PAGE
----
The Federal Emergency Management Agency (FEMA) and the Minnesota
Department of Public Safety Division of Homeland Security and
Emergency Management (HSEM) were in Morris on Wednesday, assessing
damage done in the county during the June 21 storm. Following storms
across the state on June 20-26, FEMA arrived in Minnesota to begin
assessing damage and collecting data to determine if the state could
qualify for federal disaster relief funding.
John Moore, from HSEM, said the preliminary damage assessment is the
first step in determining if Governor Mark Dayton will make a request
for a presidential declaration of disaster. Moore, along with another
HSEM representative and a FEMA agent, met with local county, township,
and city officials to tabulate the damage done across the county.
The agencies were only assessing damage to public infrastructure and
certain not-for-profit organizations. Moore noted privately owned
properties and residences would not be eligible for disaster relief
funding. Among those requesting assistance, the University of
Minnesota, Morris, the Stevens County Highway Department, and several
Every county, and the state as a whole, have an established threshold
that must be met in order to qualify for federal assistance.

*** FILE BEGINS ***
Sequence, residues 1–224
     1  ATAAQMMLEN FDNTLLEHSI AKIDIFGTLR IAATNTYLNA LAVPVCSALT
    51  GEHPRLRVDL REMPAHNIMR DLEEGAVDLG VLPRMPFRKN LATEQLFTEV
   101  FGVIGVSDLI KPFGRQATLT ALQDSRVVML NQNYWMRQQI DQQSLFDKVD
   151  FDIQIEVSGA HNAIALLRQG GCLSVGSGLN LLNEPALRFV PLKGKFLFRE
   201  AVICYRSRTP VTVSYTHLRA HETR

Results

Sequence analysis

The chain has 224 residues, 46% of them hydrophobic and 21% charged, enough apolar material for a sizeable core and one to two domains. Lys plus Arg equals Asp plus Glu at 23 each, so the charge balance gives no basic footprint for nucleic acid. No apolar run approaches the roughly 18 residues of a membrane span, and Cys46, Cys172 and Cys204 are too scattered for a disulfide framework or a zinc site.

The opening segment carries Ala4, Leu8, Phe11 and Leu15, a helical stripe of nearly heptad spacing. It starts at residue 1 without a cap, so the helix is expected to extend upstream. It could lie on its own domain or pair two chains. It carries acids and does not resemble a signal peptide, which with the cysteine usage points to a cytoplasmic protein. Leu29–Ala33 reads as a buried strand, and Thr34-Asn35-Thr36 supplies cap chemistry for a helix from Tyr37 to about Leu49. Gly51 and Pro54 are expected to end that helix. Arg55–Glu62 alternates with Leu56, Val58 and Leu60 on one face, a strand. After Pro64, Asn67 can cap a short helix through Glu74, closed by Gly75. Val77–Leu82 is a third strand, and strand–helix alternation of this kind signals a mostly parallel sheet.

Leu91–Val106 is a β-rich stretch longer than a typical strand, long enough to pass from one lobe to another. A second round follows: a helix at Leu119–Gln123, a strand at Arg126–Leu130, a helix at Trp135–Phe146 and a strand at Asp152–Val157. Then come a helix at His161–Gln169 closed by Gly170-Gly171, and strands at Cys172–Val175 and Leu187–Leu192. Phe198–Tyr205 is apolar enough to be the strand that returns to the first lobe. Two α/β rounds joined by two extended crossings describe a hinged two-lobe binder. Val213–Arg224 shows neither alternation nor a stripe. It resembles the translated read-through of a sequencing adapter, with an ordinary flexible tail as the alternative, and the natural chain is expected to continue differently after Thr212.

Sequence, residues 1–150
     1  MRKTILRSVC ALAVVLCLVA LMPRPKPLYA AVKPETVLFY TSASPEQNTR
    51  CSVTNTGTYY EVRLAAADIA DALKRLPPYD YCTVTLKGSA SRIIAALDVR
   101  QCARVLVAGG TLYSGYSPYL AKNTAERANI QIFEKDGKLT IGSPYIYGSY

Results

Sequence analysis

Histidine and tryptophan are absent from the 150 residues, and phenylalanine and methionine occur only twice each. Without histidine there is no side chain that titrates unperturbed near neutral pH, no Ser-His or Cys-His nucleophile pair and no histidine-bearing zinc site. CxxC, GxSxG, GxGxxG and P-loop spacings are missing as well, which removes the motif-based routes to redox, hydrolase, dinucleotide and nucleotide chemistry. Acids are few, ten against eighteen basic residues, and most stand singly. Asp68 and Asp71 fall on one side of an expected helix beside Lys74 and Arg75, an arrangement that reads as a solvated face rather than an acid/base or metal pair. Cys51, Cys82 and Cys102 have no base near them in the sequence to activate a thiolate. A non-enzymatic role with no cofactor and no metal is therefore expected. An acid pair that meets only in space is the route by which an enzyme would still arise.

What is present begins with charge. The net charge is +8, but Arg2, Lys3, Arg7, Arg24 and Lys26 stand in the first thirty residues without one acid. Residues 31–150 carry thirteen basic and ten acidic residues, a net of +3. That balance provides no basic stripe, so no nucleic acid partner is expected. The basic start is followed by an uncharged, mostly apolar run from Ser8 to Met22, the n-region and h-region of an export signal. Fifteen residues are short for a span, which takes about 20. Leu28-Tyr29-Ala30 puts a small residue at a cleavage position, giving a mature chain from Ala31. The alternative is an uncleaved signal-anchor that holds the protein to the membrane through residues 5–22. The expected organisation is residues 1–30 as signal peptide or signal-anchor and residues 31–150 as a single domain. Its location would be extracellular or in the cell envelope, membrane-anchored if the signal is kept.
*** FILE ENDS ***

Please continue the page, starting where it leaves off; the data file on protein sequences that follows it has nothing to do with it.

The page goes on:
Minnesota’s federal disaster threshold is $7.2 million. Each county
has an individual threshold, determined by size of population. Stevens
County’s threshold is just over $33,000. Moore noted each county that
has been assessed thus far has met their threshold and the state’s
total is well over $10 million.
Following Wednesday’s assessment, Stevens County Emergency Management
Director Dona Greiner reports the county’s preliminary assessment for
storm damage is just under $500,000. After each county has been
assessed, and the state’s total damage has been determined, Governor
Dayton will have the necessary documentation to submit a request for
The agencies are visiting a total of 17 counties and will be assessing
damage in Pope, Swift, Traverse, and Big Stone Counties on Thursday,